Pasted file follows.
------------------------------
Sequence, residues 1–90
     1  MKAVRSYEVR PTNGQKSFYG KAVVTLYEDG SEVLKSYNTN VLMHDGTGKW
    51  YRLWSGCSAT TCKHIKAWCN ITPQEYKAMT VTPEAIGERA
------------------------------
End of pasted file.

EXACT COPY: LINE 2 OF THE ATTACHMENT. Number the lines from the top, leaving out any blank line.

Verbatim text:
     1  MKAVRSYEVR PTNGQKSFYG KAVVTLYEDG SEVLKSYNTN VLMHDGTGKW